Drawbridge is a ghost town nestled on an island in the salt marshes of south San Francisco Bay.
In its heyday around the 1920s, as many as 600 people visited Drawbridge on weekends to enjoy its rustic atmosphere, and to go hunting, fishing, boating and swimming. Some people remember it as a quiet, peaceful town full of nature lovers, while others claim it was a rip-roaring town full of two-fisted rowdies.
Over time, residents and visitors abandoned the town. In 1979 Drawbridge saw its last resident move out. Since then, it has become a ghost town and is slowly sinking into the marshlands.
Warning: No Trespassing Allowed! Drawbridge is now part of the Don Edwards San Francisco Bay National Wildlife Refuge and is no longer open to the public. It is illegal and unsafe to visit the town. Trespassers on federally-managed land may be penalized with large fines. Drawbridge can be briefly viewed from the Altamont Commuter Express, Capitol Corridor, and Coast Starlight trains. The U. S. Fish and Wildlife Service conducts a Drawbridge Van Excursion led by long-time volunteer Ceal Craig on a periodic basis. The tour does not visit the town itself; it only goes to the closest spot from which one can legally view Drawbridge.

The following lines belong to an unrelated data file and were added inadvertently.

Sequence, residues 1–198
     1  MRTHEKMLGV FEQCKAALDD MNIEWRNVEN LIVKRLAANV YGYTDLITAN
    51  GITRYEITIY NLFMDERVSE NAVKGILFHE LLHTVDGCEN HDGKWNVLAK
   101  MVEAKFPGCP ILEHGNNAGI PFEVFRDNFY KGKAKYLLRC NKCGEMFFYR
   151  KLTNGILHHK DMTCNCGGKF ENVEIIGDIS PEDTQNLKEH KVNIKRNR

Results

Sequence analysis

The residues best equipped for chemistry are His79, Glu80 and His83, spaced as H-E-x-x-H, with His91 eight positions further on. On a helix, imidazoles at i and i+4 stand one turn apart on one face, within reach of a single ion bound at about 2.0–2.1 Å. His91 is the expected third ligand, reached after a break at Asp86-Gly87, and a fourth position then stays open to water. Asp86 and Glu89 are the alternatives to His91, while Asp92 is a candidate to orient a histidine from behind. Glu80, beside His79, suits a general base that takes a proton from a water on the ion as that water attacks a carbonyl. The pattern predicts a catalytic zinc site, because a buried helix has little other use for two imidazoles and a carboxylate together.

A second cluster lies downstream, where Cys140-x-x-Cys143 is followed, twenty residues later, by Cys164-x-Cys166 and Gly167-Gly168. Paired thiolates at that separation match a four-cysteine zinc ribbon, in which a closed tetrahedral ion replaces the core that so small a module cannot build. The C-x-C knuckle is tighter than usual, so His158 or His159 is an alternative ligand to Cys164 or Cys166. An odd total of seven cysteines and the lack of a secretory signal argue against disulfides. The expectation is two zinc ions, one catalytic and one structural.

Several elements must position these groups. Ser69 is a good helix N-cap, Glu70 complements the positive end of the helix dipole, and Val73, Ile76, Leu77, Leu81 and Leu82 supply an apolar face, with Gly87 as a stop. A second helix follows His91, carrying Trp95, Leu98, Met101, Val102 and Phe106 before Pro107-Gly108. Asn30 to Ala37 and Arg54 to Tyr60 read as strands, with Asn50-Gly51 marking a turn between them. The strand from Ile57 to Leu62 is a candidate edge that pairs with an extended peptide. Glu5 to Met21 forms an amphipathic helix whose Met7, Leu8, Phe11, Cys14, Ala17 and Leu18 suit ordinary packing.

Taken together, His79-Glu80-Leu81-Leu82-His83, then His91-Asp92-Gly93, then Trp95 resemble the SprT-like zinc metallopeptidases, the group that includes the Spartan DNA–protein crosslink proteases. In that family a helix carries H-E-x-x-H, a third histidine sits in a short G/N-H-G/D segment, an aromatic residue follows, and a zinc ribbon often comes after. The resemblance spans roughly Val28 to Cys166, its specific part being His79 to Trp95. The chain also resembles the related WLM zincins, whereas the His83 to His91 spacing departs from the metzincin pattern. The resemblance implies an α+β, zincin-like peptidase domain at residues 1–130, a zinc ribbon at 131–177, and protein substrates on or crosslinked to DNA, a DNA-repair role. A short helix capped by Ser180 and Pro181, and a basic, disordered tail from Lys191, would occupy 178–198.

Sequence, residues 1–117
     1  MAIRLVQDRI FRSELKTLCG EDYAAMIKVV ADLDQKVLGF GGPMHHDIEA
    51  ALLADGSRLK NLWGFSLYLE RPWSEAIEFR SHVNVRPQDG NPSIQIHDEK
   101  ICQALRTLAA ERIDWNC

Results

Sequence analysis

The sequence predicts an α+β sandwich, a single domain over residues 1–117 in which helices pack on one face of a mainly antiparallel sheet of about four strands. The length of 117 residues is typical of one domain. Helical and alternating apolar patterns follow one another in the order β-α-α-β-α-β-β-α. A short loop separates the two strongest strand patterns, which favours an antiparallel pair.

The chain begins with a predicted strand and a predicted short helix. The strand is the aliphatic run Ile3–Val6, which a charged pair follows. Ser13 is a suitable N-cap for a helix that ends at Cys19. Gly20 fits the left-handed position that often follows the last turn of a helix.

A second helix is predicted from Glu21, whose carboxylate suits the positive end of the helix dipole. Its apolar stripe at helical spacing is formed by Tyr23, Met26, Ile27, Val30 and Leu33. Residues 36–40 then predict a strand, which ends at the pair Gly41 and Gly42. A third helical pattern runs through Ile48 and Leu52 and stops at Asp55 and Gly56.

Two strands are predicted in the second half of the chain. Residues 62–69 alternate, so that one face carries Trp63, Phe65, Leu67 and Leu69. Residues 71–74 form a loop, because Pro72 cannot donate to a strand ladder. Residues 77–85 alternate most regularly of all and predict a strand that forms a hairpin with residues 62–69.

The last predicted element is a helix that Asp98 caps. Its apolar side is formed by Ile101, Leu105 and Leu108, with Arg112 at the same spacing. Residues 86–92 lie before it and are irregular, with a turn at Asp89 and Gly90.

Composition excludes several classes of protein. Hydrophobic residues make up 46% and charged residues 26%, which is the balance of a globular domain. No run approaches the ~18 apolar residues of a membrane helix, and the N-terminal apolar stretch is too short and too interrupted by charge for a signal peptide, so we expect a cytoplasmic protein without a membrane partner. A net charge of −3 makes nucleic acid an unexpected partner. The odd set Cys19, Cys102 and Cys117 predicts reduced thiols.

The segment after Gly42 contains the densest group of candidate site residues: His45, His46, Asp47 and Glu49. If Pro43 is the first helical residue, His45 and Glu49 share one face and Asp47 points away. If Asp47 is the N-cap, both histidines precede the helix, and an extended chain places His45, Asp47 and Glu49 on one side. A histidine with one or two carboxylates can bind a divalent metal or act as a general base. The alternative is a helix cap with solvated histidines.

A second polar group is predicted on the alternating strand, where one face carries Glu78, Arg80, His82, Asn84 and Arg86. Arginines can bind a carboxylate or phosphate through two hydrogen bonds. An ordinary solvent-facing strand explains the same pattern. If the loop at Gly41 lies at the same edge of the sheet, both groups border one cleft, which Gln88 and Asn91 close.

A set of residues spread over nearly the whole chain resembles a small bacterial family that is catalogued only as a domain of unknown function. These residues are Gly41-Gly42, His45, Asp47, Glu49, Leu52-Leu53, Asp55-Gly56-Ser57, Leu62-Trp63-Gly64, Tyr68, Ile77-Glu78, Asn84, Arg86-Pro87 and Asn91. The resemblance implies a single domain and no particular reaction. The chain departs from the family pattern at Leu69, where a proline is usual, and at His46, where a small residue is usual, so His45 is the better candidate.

Book on Drawbridge
The San Francisco Bay Wildlife Society is the publisher of a book on Drawbridge titled Sinking Underwater: A Ghost Town's Amazing Legacy written by Anita Goldwasser and Cecilia D. Craig, Ph. D. The book is available for purchase online and in our Nature Stores. All proceeds from the book sale benefit the San Francisco Bay Wildlife Society.
Full Title: Sinking Underwater: A ghost town’s amazing legacy
Authors: Anita Goldwasser and Cecilia D. Craig, Ph. D.
Publisher: San Francisco Bay Wildlife Society
Paperback: 121 pages in full color
First edition: 2018
☆☆ Click here to buy the book ☆☆